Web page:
Terminal Block replacement - GE Dryer


Old 03-19-16, 10:05 AM
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Terminal Block replacement - GE Dryer

I am trying to find the best way to replace a terminal block for a GE clothes dryer that has a broken red lead from a previous repair that was stupidly put into a wire nut with the hot lead from the main power plug cable which caused a spark and small fire inside. The cables were covered in lint; possibly stirred up when we tried to clean beyond the lint trap with an appliance brush. There was a thumping sound after we cleaned the front part of the dryer. I do not know if something was knocked out of place causing a leak that made the lint travel to the power cable?

I bought a used replacement terminal block for $10 , that has the 4 wires attached but cut; (14 awg red, green with 16 awg blue N, 12 awg black).

I'm trying to figure out the best approach to getting the existing wires to the new block (the old one is cracked).

1) get high temp insulated butt splices and join the wires at the break.
2) remove the spade terminals that have the existing crimped wires from the old block, and transfer to the new block if the spades are not compromised from the fire. Note: the red wire is already burned off the spade, so I need to splice that one.

Any suggestions or advice will be appreciated.Name:  image.jpg
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Old 03-19-16, 10:18 AM
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Either way should be OK. I'd probably transfer the old terminals that are in good shape and just use the butt splice and new terminal on the red wire. The fewer connections the less chance for trouble. Make sure the butt splice is UL listed and the right size for the gauge of the wires.

Lint tends to accumulate everywhere in dryers over time; that's why it's a good idea to clean them thoroughly inside and out now and again, but certainly look for any obvious duct or seal leaks while you're in there.

Dryers now use a four wire connection that doesn't tie ground to neutral; that is the code now. You are not required to upgrade it, and doing so would probably require replacing the cable between the dryer receptacle and the electrical panel with 3 conductor cable with ground. But it is a safety improvement if you want to tackle it at the same time.
Old 03-19-16, 08:42 PM
Join Date: Nov 2015
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Although not required, I'd recommend soldering the wire.
You can either solder the wire with soldering iron and insulate with heat shrink tubing (you will have to put tubing on the wire before soldering) or use solder splice.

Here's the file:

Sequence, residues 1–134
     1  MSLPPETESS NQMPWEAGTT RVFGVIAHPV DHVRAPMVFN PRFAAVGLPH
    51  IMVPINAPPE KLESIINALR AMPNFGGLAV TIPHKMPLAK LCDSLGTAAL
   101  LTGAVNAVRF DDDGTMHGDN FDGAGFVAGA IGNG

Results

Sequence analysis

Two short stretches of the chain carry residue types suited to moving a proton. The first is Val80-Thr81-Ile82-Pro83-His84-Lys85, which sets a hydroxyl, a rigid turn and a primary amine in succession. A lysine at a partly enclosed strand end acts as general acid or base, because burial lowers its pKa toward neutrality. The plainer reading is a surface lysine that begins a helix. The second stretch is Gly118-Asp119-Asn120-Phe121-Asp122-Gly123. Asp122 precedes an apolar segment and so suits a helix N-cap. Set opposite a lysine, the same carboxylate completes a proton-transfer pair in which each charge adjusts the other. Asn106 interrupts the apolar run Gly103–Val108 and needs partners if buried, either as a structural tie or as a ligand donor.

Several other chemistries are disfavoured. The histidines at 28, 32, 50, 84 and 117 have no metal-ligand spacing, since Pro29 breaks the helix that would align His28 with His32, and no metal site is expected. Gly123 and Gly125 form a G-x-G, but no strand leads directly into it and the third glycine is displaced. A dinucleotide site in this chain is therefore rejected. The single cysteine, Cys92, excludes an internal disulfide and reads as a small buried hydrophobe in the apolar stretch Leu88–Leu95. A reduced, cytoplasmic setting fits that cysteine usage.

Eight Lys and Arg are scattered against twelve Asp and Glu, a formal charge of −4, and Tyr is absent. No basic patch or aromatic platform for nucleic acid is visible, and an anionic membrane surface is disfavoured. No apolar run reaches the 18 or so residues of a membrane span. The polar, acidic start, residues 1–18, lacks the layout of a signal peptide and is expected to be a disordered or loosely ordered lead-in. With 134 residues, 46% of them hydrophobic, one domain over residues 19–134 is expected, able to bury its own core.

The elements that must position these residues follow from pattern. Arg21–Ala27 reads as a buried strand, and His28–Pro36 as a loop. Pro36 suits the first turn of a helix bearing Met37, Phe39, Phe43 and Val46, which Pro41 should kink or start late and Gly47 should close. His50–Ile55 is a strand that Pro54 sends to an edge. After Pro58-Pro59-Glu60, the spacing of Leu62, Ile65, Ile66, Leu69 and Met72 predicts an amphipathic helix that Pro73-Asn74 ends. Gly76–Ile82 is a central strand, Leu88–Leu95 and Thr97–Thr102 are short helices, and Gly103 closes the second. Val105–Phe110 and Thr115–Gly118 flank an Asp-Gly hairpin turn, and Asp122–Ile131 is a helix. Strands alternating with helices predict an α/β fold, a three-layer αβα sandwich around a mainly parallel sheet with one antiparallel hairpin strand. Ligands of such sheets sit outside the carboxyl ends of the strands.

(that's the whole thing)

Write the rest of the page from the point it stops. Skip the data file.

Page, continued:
This connection will have lowest resistance and secure.

Solder splice is probably the cheapest and easiest option unless you already have soldering iron and heat shrink tubing. Solder splice is basically a heat shrink tubing with solder in the middle. Solder will melt with heat used to shrink tubing and solder wires together. Use of heat gun is best, but if you don't have one, just use a lighter and careful not to over heat and melt the tubing.

DO NOT just twist wire and put electric tape. That usually leaves poor connection and can generate heat due to resistance, which will eventually damage insulation.
Crimp splice is ok if you have a good crimping tool. Bad crimping will cause poor connection and generate heat. A wire nut is better than poor crimping.
Old 03-19-16, 10:59 PM
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I do professional cable assembly on high voltage mail sorting machines at work, so I have access to a soldering iron, heat gun and pro crimp tools, as well as high temp heat shrink. Yes, everything has a heat rating that should e taken into consideration. The engineer there told me I should never use solder on a 220v connection where main power is concerned. All dryers state that copper terminals be used. I am concerned about using a different metal as most splices are zinc coated. Uh, like seriously, who would even think of electrical tape with something like this unless you want to roast marshmallows. I'm very hesitant to use a wire nut for this application. That was the root cause that sparked the last fire.
I did just switch my other dryer to a 4 prong. That is how I got the spare cord for this one.
Old 03-19-16, 11:40 PM
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The engineer there told me I should never use solder on a 220v connection where main power is concerned.
Huh.... this is inside a 240v appliance.... not home electrical wiring.

You can solder and shrink the splice with no problem. The ambient heat level inside the dryer is well below the shrink tube rating. When I have a critical splice.... I double the shrink tube even if it requires two sizes. I don't use butt crimps or wire nuts to reconnect wiring in appliances.
Old 03-21-16, 09:20 AM
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I am concerned about using a different metal as most splices are zinc coated.
If the coating were zinc the base metal would most likely be steel. The crimpable butt splices I have seen are mostly tin plated aluminum and some are copper.

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